President Rodrigo Duterte will travel to Malaysia on Wednesday (Nov 9) for a two-day state visit to discuss with Prime Minister Najib Razak efforts to combat piracy in the Strait of Malacca and a plague of kidnappings by the brutal Abu Sayyaf group.
In a news briefing on Monday (Nov 7), the foreign ministry's spokesman Charles Jose said Mr Duterte would also thrash out Kuala Lumpur's role in the peace process between the Philippines and Muslim rebels in the war-torn southern island group of Mindanao.
Mr Duterte and Mr Najib are likewise expected to compare notes on their recent pro-China outreach.
Both leaders have witnessed unfriendly vibes from Washington - Mr Duterte for his controversial anti-crime drive while Mr Najib's stepson and a former aide have been accused of money laundering linked to state fund 1Malaysia Development Bhd.
The criticisms, analysts say, have caused them to drift closer to China.
Mr Jose said the twin nods towards Beijing were well within Asean's "common position when it comes to relations with China".
"I don't know if they are in coordination, but what I can say is that countries act on their national interests," he said.
During his visit, Mr Duterte will be hosted to dinner by the Malaysian Premier and his wife, Datin Seri Rosmah Mansor.
Mr Duterte is also expected to meet up with the Filipino community in Malaysia.
Malaysia said the Philippines was Malaysia's fifth largest trading partner in Asean and 10th largest trading partner globally.
"Malaysia and the Republic of the Philippines enjoy warm and cordial relations. Both countries also cooperate on various issues of common interests at the international level," Malaysia's Foreign Affairs Ministry said in a statement yesterday.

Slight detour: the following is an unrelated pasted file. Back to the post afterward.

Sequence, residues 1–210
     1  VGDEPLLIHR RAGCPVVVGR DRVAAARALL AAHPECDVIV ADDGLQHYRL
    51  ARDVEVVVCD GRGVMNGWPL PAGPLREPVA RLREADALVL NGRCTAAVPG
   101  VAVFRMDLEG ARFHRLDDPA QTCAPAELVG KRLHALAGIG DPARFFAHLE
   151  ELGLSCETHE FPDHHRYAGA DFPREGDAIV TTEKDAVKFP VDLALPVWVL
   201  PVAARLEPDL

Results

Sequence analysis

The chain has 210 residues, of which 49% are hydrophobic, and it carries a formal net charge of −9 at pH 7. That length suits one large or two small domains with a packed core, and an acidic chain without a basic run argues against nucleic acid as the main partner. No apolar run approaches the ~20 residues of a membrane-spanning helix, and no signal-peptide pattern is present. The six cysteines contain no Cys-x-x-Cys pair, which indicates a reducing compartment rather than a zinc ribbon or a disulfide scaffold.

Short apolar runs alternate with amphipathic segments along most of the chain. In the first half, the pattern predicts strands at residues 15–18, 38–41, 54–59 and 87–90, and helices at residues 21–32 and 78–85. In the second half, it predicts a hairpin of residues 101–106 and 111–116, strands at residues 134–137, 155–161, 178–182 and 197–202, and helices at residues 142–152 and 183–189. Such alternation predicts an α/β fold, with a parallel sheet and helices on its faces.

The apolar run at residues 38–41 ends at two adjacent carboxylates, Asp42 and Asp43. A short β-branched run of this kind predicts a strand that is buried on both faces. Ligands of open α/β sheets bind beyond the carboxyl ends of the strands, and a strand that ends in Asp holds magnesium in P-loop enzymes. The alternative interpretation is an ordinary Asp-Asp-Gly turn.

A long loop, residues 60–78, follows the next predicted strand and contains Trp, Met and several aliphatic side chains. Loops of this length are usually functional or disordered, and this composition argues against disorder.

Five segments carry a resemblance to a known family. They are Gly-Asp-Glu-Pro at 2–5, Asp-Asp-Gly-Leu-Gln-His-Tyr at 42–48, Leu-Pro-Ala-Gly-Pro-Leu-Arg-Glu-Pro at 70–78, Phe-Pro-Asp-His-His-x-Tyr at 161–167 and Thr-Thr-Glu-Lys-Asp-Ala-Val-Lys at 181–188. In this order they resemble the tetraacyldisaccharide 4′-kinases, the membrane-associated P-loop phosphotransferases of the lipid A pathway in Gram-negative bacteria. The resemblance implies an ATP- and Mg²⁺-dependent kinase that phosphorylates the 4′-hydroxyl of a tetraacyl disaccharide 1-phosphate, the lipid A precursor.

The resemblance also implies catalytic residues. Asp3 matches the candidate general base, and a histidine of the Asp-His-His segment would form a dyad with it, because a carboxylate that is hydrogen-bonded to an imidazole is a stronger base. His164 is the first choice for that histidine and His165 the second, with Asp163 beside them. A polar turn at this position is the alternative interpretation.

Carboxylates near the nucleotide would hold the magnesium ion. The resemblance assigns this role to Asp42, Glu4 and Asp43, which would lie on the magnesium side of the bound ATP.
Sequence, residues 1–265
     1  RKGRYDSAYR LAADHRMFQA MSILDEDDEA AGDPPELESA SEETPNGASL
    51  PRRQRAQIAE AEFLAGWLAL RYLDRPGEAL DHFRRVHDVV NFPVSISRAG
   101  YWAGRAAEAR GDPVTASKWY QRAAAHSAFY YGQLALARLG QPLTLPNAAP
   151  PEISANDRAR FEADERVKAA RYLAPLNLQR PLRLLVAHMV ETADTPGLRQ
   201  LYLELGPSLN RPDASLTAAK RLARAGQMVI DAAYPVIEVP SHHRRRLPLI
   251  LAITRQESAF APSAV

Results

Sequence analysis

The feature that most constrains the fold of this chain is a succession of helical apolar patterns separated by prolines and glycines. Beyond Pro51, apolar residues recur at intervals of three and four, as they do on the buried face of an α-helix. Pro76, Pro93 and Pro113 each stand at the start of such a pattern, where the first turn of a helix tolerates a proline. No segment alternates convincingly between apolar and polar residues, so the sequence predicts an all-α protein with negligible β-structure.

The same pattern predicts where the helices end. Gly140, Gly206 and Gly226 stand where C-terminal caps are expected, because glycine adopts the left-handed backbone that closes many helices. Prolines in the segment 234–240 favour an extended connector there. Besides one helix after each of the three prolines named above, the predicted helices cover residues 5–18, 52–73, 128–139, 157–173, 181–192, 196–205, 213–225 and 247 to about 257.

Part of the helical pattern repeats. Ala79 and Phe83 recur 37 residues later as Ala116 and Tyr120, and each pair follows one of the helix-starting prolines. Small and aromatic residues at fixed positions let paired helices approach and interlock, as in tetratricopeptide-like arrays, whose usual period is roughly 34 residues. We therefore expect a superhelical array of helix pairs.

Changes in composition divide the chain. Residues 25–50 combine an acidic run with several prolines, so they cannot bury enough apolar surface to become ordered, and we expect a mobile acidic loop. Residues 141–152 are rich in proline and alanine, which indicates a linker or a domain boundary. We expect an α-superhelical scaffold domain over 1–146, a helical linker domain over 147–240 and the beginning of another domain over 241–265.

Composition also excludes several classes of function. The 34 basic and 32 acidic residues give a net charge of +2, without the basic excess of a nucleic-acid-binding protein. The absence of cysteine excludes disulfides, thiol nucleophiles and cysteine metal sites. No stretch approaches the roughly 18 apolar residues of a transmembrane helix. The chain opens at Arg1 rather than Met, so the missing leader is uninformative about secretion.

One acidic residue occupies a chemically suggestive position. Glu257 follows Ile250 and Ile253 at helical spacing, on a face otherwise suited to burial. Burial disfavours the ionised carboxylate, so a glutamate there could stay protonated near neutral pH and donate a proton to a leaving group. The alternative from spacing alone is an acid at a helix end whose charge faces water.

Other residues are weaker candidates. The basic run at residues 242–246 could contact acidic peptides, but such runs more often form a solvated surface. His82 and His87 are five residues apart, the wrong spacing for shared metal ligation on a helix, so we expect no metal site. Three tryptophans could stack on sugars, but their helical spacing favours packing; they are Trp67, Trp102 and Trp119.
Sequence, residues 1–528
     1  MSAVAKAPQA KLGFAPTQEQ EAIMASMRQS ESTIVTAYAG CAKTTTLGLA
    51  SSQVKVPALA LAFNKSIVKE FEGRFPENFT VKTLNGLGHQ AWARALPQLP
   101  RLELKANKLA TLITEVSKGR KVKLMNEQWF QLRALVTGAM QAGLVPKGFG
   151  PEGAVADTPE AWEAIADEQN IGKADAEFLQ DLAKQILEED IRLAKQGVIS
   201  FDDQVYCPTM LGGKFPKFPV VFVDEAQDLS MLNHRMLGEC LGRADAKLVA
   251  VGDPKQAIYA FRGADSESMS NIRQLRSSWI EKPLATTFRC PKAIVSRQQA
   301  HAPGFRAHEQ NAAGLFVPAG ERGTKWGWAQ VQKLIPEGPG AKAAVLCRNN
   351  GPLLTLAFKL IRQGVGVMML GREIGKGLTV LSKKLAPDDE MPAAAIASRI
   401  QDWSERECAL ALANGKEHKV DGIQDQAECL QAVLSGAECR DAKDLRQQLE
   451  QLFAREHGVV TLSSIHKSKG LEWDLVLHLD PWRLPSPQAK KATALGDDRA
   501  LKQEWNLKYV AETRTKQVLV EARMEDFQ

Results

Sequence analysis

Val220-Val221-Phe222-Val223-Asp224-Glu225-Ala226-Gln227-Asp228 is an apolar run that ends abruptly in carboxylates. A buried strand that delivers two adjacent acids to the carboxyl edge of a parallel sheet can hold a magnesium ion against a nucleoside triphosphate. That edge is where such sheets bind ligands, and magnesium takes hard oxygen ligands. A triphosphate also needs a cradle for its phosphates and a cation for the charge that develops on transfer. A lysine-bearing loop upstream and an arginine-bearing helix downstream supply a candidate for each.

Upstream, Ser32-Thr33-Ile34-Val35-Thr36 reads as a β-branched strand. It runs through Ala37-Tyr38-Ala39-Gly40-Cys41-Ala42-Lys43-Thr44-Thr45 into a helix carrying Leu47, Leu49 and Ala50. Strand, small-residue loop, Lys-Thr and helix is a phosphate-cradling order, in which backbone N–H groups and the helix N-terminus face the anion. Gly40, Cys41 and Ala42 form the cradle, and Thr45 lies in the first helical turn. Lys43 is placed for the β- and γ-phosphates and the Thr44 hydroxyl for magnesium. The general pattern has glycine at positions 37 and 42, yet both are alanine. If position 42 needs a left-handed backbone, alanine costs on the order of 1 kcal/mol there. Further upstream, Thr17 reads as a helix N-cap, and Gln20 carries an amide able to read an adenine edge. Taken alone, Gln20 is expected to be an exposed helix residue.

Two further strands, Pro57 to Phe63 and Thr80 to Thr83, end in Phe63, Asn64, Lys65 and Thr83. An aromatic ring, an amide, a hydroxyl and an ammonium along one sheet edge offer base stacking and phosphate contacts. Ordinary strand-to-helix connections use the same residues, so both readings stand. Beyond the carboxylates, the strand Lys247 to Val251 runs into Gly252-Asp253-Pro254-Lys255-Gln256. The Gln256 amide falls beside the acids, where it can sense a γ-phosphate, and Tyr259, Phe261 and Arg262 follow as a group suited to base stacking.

Malaysia's total trade with the Philippines in the first eight months of this year rose by 5.4 per cent to RM13.15 billion (S$4.3 billion), as compared to RM12.48 billion in the January to August period last year.
Mr Jose, asked on the thorny issue of the Philippines' claims over Sabah state, said "it may or may not be raised", but that Mr Duterte "will be prepared to discuss the issue".
Mr Duterte had said he would press the Philippines' contentious claim to Sabah.
"What has been the policy will always be the policy of the government, especially those for the interest of the country. We have to stake our claim," he told reporters just after he was elected in May (2016).
The late "Sultan of Sulu and North Borneo" Esmail Kiram II, who quarreled with Malaysia over compensation, encouraged in 2013 a last-ditch, violent effort to regain Sabah. A militia of over 200 men landed near Lahad Datu on Sabah's east coast and began a siege of the neighbouring area.
The attack left more than 60 people dead, set off the most serious security crisis in Malaysia in more than a decade, and strained the country's relationship with the Philippines.
Mr Duterte's visit to Malaysia comes just days after the Abu Sayyaf, an Islamist group known for kidnapping and ransoming foreigners, abducted German sailor Juergen Kantner, 70, and killed his wife, as the couple were sailing off Sabah on Sunday (Nov 6).
The Abu Sayyaf has also been preying on Malaysians and Indonesians, snatching them from tugboats, fishing boats and resorts off Saban's coasts.
The Philippines and Indonesia have already agreed to jointly combat the Abu Sayyaf, with Mr Duterte telling Indonesian security forces they can pursue and "blow up" these bandits even when they are inside Philippine waters.
Mr Duterte said he would ask Mr Najib to join such efforts.
The president is also expected to discuss Kuala Lumpur's role in brokering a peace deal between his government and the Moro Islamic Liberation Front (MILF), the largest Muslim secessionist group in the Philippines.
Mr Duterte will have to distance himself from comments made by Mr Nur Misuari, head of a rival Muslim group that he is trying to coax into joining the peace talks. Mr Nur Misuari last week accused Malaysia of hiring Muslims in kidnapping and other extortion activities and branding the MILF as "traitors and criminals".
"That was Nur Misuari's opinion, but the President himself did not voice that concern," said Mr Duterte's spokesman Ernesto Abella on Tuesday (Nov 8).